9. Thanks for asking! We have about 2.5 weeks to go and I personally haven't hit mental breakdown phase yet, and hope to avoid it entirely. I'm feeling stronger than expected going in because I think I have a solid grasp of the material from the Spring semester that will be on the exam. That leaves me to review the Fall semester, which was extremely difficult, but is thankfully only half of the comp exam. The goal is to buckle down starting tomorrow and avoid the influence of the one member of my cohort who does seem to be approaching mental breakdown territory in spite of our best attempts to ta
  10. This is exactly why I posted here. Of course that's so obvious to me now, but in the chaos in my mind it never even occurred to me that I should use expressions of gratitude to cushion the overall impact. And of course I am grateful, that feeling just wasn't at the forefront of my mind when thinking about this. That's also great advice. When I talked to my previous PI about returning to his lab, he outlined what the 3 parts of my thesis would be, and one of the parts is a continuation of the work I was already doing before leaving. So not only do I know what my broad long-term plans are
  11. Thanks for the response! They're eager to take me back. The previous PI was very unhappy about me leaving and seems glad to have me return. The two labs share a large open lab space (along with a couple other labs) and the two PIs' offices are directly next to each other. So there's really no getting around him knowing where I'm going, nor having to still see him on a regular basis. That's a big part of the dilemma - I don't get to just leave this behind me and move on once I get through the conversation.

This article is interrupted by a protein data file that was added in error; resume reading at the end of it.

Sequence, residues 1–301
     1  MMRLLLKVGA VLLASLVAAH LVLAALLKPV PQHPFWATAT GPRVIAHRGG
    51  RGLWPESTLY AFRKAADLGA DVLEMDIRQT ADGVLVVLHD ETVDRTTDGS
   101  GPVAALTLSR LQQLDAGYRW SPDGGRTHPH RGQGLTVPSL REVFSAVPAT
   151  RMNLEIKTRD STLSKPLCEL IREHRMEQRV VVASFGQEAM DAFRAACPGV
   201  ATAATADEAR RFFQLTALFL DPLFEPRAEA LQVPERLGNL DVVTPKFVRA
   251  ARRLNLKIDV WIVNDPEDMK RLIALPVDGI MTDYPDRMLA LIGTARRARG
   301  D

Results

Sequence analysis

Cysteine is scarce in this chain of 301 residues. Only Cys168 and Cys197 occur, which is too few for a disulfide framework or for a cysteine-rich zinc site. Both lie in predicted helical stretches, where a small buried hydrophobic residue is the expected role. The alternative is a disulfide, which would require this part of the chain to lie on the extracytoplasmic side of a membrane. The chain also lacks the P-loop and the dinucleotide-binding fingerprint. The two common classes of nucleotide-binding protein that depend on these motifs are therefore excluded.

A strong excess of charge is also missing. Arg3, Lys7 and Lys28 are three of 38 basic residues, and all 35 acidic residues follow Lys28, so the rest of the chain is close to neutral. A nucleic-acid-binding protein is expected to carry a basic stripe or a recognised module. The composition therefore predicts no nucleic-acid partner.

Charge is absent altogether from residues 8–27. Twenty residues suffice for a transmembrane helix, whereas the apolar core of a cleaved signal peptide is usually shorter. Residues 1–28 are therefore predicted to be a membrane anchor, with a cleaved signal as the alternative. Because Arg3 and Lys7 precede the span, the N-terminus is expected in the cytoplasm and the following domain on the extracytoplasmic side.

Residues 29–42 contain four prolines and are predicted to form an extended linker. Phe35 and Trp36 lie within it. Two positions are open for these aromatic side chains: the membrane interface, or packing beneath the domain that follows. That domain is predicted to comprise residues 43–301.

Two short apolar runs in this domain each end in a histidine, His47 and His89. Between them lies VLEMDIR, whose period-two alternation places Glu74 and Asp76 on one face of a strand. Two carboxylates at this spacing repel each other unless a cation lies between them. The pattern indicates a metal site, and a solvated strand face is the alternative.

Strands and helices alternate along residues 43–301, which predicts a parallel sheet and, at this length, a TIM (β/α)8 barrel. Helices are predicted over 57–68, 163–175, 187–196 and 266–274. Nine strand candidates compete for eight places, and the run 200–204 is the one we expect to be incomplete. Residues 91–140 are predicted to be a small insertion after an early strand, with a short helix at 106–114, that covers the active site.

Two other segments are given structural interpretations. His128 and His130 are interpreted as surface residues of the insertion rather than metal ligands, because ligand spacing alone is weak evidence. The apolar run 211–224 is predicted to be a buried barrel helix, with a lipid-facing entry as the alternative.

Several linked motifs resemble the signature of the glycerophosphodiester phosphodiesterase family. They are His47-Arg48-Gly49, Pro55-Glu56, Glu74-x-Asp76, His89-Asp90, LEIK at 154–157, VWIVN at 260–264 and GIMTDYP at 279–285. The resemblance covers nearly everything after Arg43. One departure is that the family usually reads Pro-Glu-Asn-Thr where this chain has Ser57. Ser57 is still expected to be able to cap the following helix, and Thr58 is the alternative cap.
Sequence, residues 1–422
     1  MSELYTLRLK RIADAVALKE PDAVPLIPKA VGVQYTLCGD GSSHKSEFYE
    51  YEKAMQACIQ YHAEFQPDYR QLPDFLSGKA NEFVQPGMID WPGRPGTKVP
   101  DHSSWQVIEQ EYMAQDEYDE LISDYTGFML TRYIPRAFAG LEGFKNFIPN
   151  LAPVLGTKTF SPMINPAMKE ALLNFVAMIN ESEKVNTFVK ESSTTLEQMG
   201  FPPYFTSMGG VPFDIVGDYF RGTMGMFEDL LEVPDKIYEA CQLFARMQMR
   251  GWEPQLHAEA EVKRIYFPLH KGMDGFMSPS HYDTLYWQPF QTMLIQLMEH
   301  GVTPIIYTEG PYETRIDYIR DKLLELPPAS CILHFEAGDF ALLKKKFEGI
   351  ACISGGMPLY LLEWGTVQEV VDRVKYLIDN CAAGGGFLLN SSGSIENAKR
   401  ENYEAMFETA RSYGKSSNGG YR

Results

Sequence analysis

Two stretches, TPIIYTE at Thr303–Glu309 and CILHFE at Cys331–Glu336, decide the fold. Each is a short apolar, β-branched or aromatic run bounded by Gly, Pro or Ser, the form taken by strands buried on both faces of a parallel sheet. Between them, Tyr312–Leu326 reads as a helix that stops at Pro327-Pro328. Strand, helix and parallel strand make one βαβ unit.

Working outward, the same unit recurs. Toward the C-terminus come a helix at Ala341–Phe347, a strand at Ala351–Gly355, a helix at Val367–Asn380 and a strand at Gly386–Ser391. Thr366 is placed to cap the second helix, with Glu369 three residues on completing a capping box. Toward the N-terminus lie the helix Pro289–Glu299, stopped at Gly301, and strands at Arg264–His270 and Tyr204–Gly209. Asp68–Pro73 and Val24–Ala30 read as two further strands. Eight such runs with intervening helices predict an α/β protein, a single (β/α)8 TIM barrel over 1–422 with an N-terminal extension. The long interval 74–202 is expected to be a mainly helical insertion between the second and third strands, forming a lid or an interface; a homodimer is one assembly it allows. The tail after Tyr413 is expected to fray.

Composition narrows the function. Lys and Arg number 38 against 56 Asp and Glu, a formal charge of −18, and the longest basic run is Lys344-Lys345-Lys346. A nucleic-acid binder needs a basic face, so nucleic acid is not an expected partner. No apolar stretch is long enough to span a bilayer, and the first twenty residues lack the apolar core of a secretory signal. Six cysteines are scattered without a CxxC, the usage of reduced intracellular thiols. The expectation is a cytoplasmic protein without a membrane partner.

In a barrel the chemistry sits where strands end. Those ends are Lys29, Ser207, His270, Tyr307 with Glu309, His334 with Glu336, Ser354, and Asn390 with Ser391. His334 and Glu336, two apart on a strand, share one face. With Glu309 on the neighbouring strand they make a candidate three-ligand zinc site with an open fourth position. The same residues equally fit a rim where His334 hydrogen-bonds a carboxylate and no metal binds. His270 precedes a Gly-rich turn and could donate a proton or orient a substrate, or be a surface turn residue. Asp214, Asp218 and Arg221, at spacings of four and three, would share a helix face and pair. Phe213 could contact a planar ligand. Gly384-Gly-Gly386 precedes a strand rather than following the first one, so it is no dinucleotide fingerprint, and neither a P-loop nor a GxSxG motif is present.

12. Hi all, I would like to ask the many bright and helpful people here to give me some ideas for a very unpleasant conversation I need to initiate in the near future. I have been in a rotation lab for 4.5 months that everyone thought would become my PhD lab from the start of the rotation. Although conversations haven't been had about the decision being finalized and set in stone, both I and this PI were intending for him to become my advisor assuming that nothing went wrong during the rotation. He recruited me somewhat aggressively from another lab with a project that sounded like it wou
  13. I don't feel like I'm bragging when I explain what I do because I never assume that someone who's on a different path in life would think my choices are better or more impressive than theirs. Just as much as I wouldn't want to be a stay-at-home mom or a kindergarten teacher, SAH moms and kindergarten teachers probably wouldn't want to be biomed PhD students. Truth is, I've noticed that our demographic values intellectual pursuits much more than most people, and frankly they might not be that impressed by just how very smart we are because their worlds don't revolve around that. They might valu
  14. I work with mice in biomedical research. And by that I mean that I've done experiments where I wean, routinely care for, make veterinary care decisions for, give drugs to, and sacrifice mice. I'm a huge animal lover and the reason I could do those experiments is because, as many have already said, extremely strict guidelines are in place to ensure that those animals are treated humanely. I have commented a few times that those mice receive better medical and end-of-life care than we do, and I was only kind of joking. Mice and rats that I see used daily by others around me are also treated very
  15. Add me to the list of people dreading qualifying exams... I don't know if I've ever been less excited for anything. It's 2 days in a row, 8 hours each day, and completely handwritten. I've told my PI and lab members not to expect to see me for a couple weeks in May, just to cover any mental breakdowns before/after the test.